The U.S. Food and Drug Administration has long been aware of studies showing the risks of acetaminophen – in particular, that the margin between the amount that helps and the amount that can cause serious harm is smaller than for other pain relievers. So, too, has McNeil Consumer Healthcare, the unit of Johnson & Johnson that has built Tylenol into a billion-dollar brand and the leader in acetaminophen sales.
Yet federal regulators have delayed or failed to adopt measures designed to reduce deaths and injuries from acetaminophen overdose, which the agency calls a “persistent, important public health problem.”
The FDA has repeatedly deferred decisions on consumer protections even when they were endorsed by the agency’s own advisory committees, records show.
In 1977, an expert panel convened by the FDA issued urgently worded advice, saying it was “obligatory” to put a warning on the drug’s label that it could cause “severe liver damage.” After much debate, the FDA added the warning 32 years later.
~ from Use Only As Directed by Jeff Gerth and T. Christian Miller ~
The snippet above is from Part 2 of a 3-part series. It makes for interesting, albeit disturbing, reading. While I was aware of the potential damage that acetaminophen may inflict on the liver, I still was surprised by the number of annual deaths. You would think that either the manufacturer or the government would do something substantive to try to minimize the problem!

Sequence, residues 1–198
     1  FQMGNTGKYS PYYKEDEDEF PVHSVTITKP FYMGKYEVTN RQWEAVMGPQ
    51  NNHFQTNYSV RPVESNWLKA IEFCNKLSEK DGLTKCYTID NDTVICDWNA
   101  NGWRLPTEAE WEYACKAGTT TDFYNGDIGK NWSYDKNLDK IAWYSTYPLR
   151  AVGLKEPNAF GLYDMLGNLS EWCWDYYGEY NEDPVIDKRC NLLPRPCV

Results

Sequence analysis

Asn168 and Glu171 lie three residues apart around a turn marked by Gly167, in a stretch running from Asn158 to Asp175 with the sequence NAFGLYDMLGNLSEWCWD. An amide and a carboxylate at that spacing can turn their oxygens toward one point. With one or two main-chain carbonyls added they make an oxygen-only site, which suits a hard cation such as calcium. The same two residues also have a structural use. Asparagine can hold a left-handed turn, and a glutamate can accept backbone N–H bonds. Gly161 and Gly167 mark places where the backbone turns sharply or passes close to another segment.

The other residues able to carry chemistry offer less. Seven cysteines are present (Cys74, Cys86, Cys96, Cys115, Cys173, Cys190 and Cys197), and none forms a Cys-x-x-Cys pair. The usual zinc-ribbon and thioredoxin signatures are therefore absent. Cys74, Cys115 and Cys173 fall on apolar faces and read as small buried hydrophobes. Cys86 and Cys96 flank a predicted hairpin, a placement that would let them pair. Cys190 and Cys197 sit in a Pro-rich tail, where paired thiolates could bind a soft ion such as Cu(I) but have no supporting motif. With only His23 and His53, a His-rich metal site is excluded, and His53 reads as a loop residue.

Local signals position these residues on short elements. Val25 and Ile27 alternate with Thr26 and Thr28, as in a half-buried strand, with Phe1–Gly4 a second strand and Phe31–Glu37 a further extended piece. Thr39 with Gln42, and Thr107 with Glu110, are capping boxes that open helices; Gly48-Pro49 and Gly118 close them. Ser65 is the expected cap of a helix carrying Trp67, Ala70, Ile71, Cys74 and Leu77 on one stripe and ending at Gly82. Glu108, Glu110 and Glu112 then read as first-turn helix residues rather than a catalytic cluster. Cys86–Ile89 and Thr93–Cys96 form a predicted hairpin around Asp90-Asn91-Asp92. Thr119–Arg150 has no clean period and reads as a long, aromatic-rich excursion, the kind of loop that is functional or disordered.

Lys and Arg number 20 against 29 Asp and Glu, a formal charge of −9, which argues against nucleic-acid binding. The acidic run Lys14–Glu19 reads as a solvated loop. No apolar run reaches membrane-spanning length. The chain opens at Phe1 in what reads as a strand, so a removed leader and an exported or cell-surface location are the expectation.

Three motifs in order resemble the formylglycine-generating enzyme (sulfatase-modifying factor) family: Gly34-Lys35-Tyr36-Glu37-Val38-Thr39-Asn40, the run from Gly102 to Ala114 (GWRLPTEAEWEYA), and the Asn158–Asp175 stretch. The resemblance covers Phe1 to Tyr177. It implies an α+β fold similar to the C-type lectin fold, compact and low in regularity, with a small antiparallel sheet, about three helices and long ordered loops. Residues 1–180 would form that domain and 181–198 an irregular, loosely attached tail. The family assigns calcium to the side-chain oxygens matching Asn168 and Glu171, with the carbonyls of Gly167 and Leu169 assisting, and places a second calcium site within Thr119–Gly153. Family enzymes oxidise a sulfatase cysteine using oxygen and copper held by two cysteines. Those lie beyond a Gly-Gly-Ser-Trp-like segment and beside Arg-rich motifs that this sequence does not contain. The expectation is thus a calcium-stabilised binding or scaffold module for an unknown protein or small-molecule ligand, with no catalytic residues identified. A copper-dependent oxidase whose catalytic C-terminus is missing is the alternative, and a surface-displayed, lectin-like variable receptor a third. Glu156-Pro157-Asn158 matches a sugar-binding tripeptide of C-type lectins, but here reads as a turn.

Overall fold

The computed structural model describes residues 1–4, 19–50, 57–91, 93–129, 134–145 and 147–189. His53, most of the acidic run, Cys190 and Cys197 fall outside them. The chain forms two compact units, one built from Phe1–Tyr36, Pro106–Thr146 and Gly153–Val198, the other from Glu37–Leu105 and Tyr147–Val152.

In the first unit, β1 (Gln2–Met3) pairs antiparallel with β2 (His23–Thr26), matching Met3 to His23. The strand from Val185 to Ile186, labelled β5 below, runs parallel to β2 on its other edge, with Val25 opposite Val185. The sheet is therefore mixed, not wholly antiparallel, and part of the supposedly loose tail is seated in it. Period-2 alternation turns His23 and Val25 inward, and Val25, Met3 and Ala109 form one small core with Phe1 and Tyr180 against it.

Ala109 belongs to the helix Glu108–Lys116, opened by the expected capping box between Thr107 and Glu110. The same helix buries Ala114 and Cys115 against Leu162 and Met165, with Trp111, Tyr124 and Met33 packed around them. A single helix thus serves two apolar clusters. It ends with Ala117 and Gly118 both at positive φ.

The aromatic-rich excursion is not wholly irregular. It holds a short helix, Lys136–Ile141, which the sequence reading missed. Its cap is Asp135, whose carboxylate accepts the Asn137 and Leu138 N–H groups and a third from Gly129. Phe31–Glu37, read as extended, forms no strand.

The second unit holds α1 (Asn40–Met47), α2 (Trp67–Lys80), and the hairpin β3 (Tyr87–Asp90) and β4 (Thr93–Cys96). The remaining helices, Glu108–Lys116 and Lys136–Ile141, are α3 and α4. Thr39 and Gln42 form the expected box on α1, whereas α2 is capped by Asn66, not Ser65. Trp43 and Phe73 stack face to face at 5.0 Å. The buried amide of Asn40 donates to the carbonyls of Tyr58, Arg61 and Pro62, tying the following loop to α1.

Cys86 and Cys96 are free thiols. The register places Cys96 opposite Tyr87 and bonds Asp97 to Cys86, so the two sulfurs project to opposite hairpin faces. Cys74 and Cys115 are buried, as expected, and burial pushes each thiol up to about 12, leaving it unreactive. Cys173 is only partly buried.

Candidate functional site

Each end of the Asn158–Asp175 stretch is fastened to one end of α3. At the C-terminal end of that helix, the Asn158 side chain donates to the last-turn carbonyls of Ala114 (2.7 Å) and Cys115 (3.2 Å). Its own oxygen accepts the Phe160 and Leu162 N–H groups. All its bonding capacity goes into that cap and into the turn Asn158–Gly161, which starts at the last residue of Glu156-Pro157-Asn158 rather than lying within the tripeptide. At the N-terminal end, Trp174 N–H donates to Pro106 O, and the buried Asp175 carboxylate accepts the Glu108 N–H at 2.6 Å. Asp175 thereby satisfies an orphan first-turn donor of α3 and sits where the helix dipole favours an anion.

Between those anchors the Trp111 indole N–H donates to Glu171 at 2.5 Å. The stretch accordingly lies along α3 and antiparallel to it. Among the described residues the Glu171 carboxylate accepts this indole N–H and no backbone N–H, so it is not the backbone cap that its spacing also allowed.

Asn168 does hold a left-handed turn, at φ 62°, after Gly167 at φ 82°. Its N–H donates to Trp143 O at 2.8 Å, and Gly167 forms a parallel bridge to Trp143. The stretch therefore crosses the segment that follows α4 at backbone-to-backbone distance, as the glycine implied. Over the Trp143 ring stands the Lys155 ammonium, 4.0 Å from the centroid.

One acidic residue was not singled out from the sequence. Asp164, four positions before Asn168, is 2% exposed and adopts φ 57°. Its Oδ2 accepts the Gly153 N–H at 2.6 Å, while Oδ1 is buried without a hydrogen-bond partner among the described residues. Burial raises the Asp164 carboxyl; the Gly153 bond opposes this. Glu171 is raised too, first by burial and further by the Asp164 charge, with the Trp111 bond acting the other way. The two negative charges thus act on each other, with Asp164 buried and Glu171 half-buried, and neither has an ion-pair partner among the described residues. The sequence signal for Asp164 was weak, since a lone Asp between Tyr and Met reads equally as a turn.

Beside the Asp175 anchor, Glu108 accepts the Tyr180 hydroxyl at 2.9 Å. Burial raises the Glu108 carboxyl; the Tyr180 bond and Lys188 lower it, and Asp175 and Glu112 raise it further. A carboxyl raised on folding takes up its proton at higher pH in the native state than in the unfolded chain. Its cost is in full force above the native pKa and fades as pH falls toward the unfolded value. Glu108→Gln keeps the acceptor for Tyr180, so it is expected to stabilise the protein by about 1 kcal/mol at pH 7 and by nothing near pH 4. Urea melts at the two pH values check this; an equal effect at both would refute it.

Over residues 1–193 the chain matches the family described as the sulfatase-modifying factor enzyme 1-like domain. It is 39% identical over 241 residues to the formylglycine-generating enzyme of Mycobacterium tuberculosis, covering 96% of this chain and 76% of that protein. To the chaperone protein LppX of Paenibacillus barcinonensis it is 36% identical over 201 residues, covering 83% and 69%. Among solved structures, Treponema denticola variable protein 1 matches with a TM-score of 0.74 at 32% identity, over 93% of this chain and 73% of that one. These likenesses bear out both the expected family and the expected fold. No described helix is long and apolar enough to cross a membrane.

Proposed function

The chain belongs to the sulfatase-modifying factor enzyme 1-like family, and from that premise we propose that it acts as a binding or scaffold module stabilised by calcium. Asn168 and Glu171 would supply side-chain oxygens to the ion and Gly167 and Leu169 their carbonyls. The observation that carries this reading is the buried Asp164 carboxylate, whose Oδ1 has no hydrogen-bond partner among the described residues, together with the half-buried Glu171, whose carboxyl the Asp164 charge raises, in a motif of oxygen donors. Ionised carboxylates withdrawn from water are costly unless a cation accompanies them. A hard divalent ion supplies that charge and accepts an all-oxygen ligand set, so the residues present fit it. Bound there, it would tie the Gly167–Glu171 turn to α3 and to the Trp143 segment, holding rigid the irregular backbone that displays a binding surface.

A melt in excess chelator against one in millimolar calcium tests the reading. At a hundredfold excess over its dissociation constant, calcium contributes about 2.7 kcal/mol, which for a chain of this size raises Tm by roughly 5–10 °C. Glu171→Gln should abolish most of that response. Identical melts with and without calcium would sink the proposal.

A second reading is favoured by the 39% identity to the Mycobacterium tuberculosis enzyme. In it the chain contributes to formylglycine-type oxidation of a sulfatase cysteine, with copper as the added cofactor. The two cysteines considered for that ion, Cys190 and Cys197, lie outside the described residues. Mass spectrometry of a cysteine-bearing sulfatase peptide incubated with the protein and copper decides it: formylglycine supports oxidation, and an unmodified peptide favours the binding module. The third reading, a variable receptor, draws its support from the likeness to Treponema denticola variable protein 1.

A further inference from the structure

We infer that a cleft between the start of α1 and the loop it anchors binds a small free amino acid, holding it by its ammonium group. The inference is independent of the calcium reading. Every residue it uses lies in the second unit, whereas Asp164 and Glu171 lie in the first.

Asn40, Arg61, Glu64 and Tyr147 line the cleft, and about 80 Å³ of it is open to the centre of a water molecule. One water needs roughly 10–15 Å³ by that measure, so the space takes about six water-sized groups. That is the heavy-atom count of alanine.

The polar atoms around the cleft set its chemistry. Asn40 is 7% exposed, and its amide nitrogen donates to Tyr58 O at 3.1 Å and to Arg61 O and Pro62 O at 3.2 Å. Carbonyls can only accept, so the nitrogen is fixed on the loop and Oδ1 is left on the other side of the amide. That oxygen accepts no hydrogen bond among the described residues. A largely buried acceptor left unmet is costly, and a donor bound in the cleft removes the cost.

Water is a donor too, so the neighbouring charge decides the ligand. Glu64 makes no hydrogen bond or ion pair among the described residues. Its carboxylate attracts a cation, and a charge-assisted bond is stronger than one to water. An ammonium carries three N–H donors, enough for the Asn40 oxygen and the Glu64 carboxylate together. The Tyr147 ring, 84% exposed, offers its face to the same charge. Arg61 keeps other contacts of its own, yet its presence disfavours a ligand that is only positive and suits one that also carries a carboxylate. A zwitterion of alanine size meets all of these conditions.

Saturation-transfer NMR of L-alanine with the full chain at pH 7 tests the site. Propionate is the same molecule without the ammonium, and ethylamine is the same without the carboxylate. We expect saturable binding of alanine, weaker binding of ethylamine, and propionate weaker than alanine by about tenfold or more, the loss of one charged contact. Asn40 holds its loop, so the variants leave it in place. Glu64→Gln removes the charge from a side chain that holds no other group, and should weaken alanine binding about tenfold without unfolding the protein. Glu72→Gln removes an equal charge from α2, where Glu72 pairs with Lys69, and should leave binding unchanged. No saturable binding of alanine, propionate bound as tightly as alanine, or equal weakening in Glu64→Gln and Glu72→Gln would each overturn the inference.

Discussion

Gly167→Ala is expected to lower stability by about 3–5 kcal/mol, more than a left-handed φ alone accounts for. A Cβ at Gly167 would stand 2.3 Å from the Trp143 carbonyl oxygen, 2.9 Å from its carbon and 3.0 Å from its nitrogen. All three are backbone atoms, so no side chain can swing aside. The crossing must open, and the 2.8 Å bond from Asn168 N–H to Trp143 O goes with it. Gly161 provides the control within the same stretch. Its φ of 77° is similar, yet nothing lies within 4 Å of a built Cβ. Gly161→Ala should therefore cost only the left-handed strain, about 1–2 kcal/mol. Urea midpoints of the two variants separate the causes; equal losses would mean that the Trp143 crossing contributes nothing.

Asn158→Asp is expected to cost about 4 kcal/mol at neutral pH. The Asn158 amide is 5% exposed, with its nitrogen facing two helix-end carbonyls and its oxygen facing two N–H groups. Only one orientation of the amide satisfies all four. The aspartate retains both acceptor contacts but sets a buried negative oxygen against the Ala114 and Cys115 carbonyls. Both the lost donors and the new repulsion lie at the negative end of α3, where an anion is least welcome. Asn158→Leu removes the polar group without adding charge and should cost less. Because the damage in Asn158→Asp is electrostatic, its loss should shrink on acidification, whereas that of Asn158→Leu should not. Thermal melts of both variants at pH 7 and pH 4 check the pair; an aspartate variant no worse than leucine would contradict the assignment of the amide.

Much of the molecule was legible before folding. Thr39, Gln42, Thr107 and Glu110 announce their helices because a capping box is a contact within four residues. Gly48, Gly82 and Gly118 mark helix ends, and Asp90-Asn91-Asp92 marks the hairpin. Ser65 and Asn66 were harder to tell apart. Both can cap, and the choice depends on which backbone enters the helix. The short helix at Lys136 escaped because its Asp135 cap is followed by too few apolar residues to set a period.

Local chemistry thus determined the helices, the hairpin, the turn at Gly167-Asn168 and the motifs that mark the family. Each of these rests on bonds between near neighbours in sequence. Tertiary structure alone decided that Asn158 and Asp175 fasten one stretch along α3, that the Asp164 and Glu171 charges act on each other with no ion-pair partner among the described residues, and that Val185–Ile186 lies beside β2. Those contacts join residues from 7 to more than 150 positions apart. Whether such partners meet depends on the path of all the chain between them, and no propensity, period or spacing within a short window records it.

A lot of the people I know pop pills without thinking much about it. Trouble with a headache or a nagging backache? Take some aspirin, acetaminophen or ibuprofen. Suggest that such over-the-counter drugs may cause more harm than good and a lot of people will scoff at you.
I am on the opposite end of the spectrum. A lot of people think I'm a masochist because I won't take any pain meds unless I am basically in agony and even then I sometimes forgo them. Why? Experience!
When I was in my early teens and experiencing a lot of trouble with navigating the social environment, my parents sent me to a shrink. Rather than investigate as to whether or not I might, possibly, be autistic (?), Dr. Shrink merely prescribed some tranquilizers for me. They didn't work as intended as they hyped me up even more than I already was! We tried several different varieties and none of them did the trick. While none of these prescriptions lessened my anxiety to the sought after levels, each one caused side effects that I was none too pleased with. At some point, I told everyone concerned that I wasn't going to take any more of those damned pills and I damn well didn't.
Also, at about this time, I really started to suffer greatly from pain associated with my diseased left hip. My doctor grandfather prescribed a series of pain relievers. While some were more effective than others, I again suffered from the side effects. My most common complaint was that they made my irritable bowel syndrome even more irritable than usual.
These two situations taught me a valuable lesson. Why take a drug that addresses one problem while creating another? While I certainly don't enjoy dealing with anxiety and pain, I'd rather deal with the devil I know than to deal with one I'm not accustomed to. In addition, as someone who researches the drugs doctors attempt to prescribe for me, I am well aware that many -- particularly pain relievers -- can be hard on a person's liver. Why take the chance of compromising this needed organ for a brief respite from pain?
If a person's liver fails, that will hurt a lot more than an aching hip...and possibly kill you in the process!